Follow (basically) by AbstractXMLProducer (implementation of 2. from 
above) and AbstractTransformer (AbstractXMLProducer + XMLConsumer).
The "content layer" is already beyond the scope of the Pipeline API 
module - it does not care about this at all.
This is solely the domain of the pipeline components.
That's why the SAX layer should be removed asap from the Pipeline API.

> even with a Cocoon 2 background, you might be a little bit lost as you
> don't see a generator, transformer or serializer as an interface.
> Now, all the stuff here is for good reason and makes sense, so I guess
> we need all of this - and in the end it also makes sense to not use the
> Cocoon 2 names. But it would be nice if we could keep this to a minimum
> and perhaps take a look if we could reduce something somewhere or
> perhaps rename something to make it even easier to use - now this is all
> a little bit vague, I know, if I would have concrete ideas I would tell
> them. It's just the feeling that what we have atm at least "looks" like
> too much.
> As Cocoon 3 was not available when I needed a simple pipeline
> implementations and as I needed at that point something very quickly, I
> wrote my own pipeline api and implementation which is just sax based  -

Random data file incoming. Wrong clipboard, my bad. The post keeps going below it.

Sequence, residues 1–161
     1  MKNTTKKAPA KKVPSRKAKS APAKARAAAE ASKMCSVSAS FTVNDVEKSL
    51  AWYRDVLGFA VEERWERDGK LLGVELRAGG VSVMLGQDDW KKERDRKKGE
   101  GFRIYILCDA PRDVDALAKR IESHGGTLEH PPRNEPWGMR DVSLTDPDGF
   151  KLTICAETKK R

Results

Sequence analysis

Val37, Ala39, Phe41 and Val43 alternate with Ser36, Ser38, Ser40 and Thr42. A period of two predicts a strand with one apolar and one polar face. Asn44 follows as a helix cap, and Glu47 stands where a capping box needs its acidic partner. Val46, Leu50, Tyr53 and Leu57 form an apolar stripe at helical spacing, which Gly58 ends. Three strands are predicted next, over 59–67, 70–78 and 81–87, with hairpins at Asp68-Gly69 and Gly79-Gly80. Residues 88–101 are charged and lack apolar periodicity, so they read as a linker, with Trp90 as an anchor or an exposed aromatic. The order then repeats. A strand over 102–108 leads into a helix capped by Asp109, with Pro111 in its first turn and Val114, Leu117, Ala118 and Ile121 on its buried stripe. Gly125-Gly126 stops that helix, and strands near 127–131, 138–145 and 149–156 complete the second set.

> and now I'm trying to map the functionality I have, to what we have in
> C3 and it took me a little bit to find out what interfaces exactly I now
> have to implement just by looking at all the names. But maybe it's just me.
> Perhaps moving the sax stuff to another module, having the xml-util
> module is already enough. Maybe renaming something like XMLConsumer to
> SAXConsumer helps as well.
With two types of XML components (SAX, StAX) this name is completely 
ambiguous and must be changed (I prefer SaxConsumer).

This would also emphasize that the Pipeline API is designed to be 
content-agnostic and SAX is merely one type of content it can handle.
StAX is the first step to add another content-type - well it's still 
XML, but works completely different.
> So please, don't consider this as a critics on the whole concept.
Not at all - I usually welcome all input!
I just have a hard time, when I struggle to get the actual point.

Trying to understand what you mean, I looked at some code and followed 
the class/interface hierarchy.
And while doing so I found that some of this is rather strange and took 
me moment to sort out.
And I think I know now what you mean.

But I guess it's mostly a problem with the names of the 
classes/interfaces (like "AbstractTransformer" being actually an SAX 
based Producer/Consumer) and mixing SAX with the Pipeline.
I suppose separating those two and changing some of the names it should 
be alot better.

>  It's
> just about minor improvements if at all.
I think it's actually a little bit more than that.
Seems like I was already so accustomed to the concept in my head that I 
didn't even see, the implementation has become less clear that it could be.

So PLEASE keep on doing this!
And don't feel bad when my answers appear a little harsh - I rarely mean 
it that way... ;-)

> Carsten